When local artist Lulie Wallace opened one of Anthropologie’s catalogs this summer, she came to a stop on page 38. And not because she saw something that she wanted to buy, but because there was something on that page that she had created herself: a pair of her own floral still-life paintings, leaning against a wall next to a velvety violin case. It was a dream come true.

Wallace’s work, which she’s exhibited locally at floral studio Stems, has made the internet rounds over the last year. Design*Sponge made a major post of her art in January, and blogs like Oh Joy and Oh Happy Day have included Wallace’s paintings on inspiration boards. Then one day, Wallace got a surreal e-mail from Anthropologie with a major offer to sell her pieces. “I e-mailed them back and I was like, ‘A single tear ran down my cheek,'” she says. After all, it’s her favorite store.

“I think it’s hard when you choose being an artist as a profession,” Wallace says. “You’re kind of like, is this okay? Am I going to be able to do this as a living?”

Anthropologie bought 22 of her pieces. Some went to the online store, while the rest went to physical locations throughout North America. Anthropologie’s sister store Urban Outfitters purchased the rights to two of Wallace’s pieces, which it sells as printed wall murals on the store’s website.

“It’s so much fun to see them in different scenes, stylized and stuff like that, because when you’re here, there’s stuff everywhere,” she says, referring to her studio at Redux Contemporary Art Center, the walls of which are covered in paintings. “Normally, I’m in my sweatpants with my hair on top of my head, so it’s nice to see them in beautiful places because this is not so glamorous.”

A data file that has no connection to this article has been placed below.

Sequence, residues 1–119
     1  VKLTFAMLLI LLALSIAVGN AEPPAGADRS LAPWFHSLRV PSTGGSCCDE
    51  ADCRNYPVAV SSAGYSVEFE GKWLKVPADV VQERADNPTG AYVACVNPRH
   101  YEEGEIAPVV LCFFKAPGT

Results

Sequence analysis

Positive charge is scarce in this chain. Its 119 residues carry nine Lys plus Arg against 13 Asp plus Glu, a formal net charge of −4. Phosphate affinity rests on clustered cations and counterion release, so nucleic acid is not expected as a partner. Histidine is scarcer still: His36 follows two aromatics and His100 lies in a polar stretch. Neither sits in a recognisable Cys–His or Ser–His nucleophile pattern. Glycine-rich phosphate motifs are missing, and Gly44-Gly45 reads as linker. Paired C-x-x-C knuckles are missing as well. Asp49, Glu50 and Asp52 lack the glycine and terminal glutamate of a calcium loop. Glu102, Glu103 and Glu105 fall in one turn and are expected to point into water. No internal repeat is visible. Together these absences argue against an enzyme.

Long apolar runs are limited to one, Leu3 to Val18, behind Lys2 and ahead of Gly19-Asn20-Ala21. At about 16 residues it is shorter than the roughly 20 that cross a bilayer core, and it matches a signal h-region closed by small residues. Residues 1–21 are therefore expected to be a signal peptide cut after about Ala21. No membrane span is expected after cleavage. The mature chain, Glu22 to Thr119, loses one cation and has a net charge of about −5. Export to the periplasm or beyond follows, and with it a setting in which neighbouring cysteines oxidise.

Currently, you can purchase “Flowers for Bobbsie,” a one-of-a-kind acrylic on birch wood, on Anthropologie’s website for close to a grand. Or you could just visit Wallace in person at her studio or on her website and buy something similar. Despite her recent financial gains, she plans to keep her space at Redux for as long as she can. She likes being surrounded by other artists.

Wallace admits that with all of this attention comes a lot more work. It may be easier now for her to sell her paintings, but it’s been hard to keep up with demand. And she’s been painting so many flowers that she needed a way to refresh. Wallace found it in a different creative outlet: textiles.

Pretty, purply pastels, stripes, geometric shapes, and, not surprisingly, a number of florals are all a part of Wallace’s first collection of fabrics, which will be officially released on Nov. 29. The line will offer weekender bags, lightweight luggage that’s foldable and collapsible. “We kind of felt like there’s a lot of totes out there but there’s not a lot of good cool luggage,” Wallace explains. Pillows will also be available, and all of the fabrics will be for sale by the yard. All will be for sale on Wallace’s website.

Local firm Stitch Design Co. has helped with the designs. The fabric is printed in North Carolina, and North Charleston company Usner Products is sewing everything up. “I see me really getting into this fabric thing,” Wallace says. “I think it’s a cool sustaining business. Art, I feel like, comes and goes. It’s just really neat to focus in on the fabric so in each season we can pop for something different.”

Wallace considers the November launch a “blurred Spring” — hence the bright colors — and plans to release new fabrics early next year as well. And now that Charleston has its very own Anthropologie store, you may see Wallace’s paintings on King Street sometime in 2013.

“I’ve been approached by a couple people to say they would love to carry my work but I wasn’t necessarily ready to make that step,” she says. “And I’m super thankful that I waited, because if you over-commit yourself to a lot small things, you miss out.”

Lulie Wallace’s fabric line will be available on her website, luliewallace.com.